Growing Up in Working Class Youngstown — Wall Garden

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The Wall Garden, looking east. Photo by Bob Trube ©  2019.

In childhood, my grandmother always loved to visit what we then called “the Rock Garden” when all the flowers were in bloom in spring. She loved the cascades of the yellow basket-of-gold flowers, purple creeping flox and the white flowers of the yucca plants they somehow managed to grow.

Most of the time, drivers probably give little thought to this rock retaining wall on West Drive between the south end of West Glacier Drive, and the Birch Hill Cabin and Lily Pond areas. That is too bad, because the Wall Garden, as it is formally called was part of one of the major construction projects in the development of Mill Creek Park.

In the early years of the park, created in 1891, most of the roads were little more than dirt roads along Mill Creek or Bear Creek, which flowed into Mill Creek from the west. There was one such road, called the Old Hamilton Road along Bear Creek at the base of the steep hill where the two creeks met. Atop of the hill was a dirt road for many years called One Way Drive (now One Way Trail, one I hiked as a kid). The road ran from McCollum Road above the Lily Pond, atop the hill and came out by the foreman’s house on West Glacier Drive.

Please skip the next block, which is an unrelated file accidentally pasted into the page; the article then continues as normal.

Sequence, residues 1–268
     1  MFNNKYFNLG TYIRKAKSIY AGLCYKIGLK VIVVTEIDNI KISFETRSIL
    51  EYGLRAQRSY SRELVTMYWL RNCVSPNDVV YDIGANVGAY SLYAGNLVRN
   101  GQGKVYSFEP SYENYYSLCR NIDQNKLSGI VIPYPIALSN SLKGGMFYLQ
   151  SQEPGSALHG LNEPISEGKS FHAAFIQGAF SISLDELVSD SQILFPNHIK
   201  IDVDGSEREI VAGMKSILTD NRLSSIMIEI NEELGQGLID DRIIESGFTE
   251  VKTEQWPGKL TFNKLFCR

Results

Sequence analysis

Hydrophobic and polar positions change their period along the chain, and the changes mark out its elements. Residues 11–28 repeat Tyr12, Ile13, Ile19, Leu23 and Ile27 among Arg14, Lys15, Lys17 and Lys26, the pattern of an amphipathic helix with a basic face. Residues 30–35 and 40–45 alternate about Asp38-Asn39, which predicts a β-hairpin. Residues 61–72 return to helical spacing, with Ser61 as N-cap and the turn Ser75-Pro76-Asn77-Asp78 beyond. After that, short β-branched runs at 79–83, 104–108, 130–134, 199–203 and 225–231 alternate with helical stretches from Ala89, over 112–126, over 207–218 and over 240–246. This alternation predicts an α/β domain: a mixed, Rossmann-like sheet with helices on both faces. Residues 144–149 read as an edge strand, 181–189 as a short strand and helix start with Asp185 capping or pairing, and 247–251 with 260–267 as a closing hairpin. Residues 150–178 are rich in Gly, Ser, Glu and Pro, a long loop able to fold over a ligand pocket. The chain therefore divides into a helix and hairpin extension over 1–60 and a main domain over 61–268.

After Lake Glacier was created, William Henry Manning, the consulting architect for Mill Creek Park, decided in 1921 to cut through part of the big hill above Bear Creek and create West Drive, connecting up with Birch Hill Cabin, the Lily Pond, and the Bears Den area further west. The project was known as “the Big Cut,” and to prevent soil and rock slides, or a collapse of part of the One Way Drive atop the hill, stone was quarried from Bears Den to serve as a retaining wall for the area below “Lookout Point” which overlooks the Lily Pond and Birch Hill area.

The Wall Garden was begun in 1925 and completed in 1927. Altogether, it is 552 feet long and 54 feet high and was planted with plants that could grow in the soil and crevices between the rocks. What may have been a necessity from an engineering point of view was turned into another facet of the beauty that is Mill Creek Park that has endured for nearly a century.

Sources:

John C. Melnick, M.D., The Green Cathedral (Youngstown: Youngstown Lithographing, 1976), pp. 117-120.

Carol Potter and Rick Shale, Historic Mill Creek Park (Charleston, SC: Arcadia Press, 2005), p. 81.